Is it raining? Without a radar, Israeli meteorologists remain in the dark

"As a forecaster, without a rain radar I am blind. Until someone dies and there is a disaster, no one will wake up."

Israel's rain radar remains inoperative, November 2020 (photo credit: screenshot)
Israel's rain radar remains inoperative, November 2020
(photo credit: screenshot)
As Israel recently entered the rainy season in full force with a series of thunderstorms and flooding, Israeli meteorologists remained largely in the dark as the national weather radar sat inoperative yet again.
Currently owned by the Israel Meteorological Service (IMS), the radar was purchased over 27 years ago and has suffered from a series of errors and issues until it became inoperative last year. Because it is so old and no longer in production, it is difficult to find replacement parts to fix it, according to Ynet.
The lack of a new national budget since the beginning of three rounds of elections and the current coalition crisis has prevented the Transportation Ministry, which is responsible for the IMS, from receiving the funds needed to fix or replace the broken radar.
Last year, the ministry published a tender for a new radar system, but has not received the NIS 10 million required for such a purchase. The current plan by the Transportation Ministry is to try and fix the current radar, which will cost NIS 2.5 million, but even if the repairs succeed, the radar is not expected to begin operations soon, according to Ynet.
"As a forecaster, without a rain radar I am blind," said Danny Rup, Ynet's weather forecaster. "If, for example, a flood develops in the Arava, I currently have no way of warning the public. The radar sees rain, it detects the intensities and direction of its progress quickly –this is critical.
"Until someone dies and there is a disaster, no one will wake up," said Rup, stressing that even developing countries have radars. Rup suggested transferring responsibility for the IMS to the Science Ministry where "they might address this issue properly."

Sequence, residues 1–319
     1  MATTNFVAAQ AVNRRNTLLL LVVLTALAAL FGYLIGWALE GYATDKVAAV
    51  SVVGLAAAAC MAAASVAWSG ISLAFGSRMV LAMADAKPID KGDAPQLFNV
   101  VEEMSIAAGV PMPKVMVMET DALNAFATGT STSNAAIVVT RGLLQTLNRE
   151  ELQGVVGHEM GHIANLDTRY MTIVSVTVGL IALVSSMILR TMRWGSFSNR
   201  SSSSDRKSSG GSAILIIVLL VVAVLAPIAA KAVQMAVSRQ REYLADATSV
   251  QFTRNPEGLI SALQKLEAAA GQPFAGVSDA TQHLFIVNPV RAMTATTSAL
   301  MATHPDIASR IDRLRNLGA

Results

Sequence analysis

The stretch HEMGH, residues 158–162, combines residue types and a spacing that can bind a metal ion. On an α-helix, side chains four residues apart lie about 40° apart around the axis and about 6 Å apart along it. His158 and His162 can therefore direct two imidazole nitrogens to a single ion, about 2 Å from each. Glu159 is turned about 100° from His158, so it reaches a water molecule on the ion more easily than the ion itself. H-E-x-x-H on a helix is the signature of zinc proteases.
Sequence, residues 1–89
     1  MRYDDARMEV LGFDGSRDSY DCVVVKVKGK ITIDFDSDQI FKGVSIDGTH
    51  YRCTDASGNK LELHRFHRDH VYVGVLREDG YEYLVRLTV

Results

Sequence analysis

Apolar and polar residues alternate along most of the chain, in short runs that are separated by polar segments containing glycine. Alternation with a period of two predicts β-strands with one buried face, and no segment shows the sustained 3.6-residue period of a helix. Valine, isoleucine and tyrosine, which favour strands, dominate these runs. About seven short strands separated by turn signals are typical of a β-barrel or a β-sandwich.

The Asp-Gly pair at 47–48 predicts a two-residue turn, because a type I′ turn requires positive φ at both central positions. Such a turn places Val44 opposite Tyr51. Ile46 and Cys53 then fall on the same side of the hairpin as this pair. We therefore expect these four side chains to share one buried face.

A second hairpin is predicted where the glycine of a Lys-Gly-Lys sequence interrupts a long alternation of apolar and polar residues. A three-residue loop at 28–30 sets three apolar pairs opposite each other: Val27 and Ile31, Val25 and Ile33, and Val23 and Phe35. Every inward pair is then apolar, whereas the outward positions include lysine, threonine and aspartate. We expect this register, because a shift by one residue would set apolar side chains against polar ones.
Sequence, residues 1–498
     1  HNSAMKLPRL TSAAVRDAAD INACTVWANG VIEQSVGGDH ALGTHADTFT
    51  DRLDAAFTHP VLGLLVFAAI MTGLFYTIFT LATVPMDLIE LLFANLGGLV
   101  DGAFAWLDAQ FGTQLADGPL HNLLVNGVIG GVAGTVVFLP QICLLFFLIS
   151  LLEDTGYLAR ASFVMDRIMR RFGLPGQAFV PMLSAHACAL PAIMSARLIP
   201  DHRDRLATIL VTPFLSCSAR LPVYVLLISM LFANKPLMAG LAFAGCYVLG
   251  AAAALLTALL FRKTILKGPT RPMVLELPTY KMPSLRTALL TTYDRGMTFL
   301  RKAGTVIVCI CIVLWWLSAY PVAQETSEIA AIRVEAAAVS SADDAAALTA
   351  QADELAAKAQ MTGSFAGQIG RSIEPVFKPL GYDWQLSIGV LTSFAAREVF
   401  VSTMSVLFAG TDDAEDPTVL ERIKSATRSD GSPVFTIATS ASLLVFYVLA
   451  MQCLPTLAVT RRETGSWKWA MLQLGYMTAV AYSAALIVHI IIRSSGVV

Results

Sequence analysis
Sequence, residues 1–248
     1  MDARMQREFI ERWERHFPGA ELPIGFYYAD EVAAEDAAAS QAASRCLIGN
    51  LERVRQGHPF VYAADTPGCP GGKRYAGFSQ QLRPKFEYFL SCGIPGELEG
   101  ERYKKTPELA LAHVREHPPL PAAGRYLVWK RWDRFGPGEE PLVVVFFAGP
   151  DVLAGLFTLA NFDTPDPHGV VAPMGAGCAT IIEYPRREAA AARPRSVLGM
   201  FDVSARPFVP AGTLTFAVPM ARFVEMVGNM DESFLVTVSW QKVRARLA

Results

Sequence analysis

The Transportation Ministry told Ynet that Transportation Minister Miri Regev ordered the ministry to take all required action to return the radar to operation, adding that the radar's broken parts have been sent outside the country for repairs and should be returned to Israel within a matter of weeks.
Due to the continuing budget crisis, a budget of NIS 2.5 million was approved for renovations to the current radar until a larger budget can be approved for the purchase of a new radar.
"Forecasters at the National Forecasting Center receive radar data from other public sources and lightning data in real time, and therefore warnings about dangerous phenomena and short-term forecasts for transportation, shipping and emergency and rescue services continue to come out as usual," added the ministry.
While the main radar has been down, the IMS has been using Jordan's weather radar and the radar belonging to the Mekorot water company, according to Ynet. It has also been able to use the IDF's radar, but the general public does not have access to this.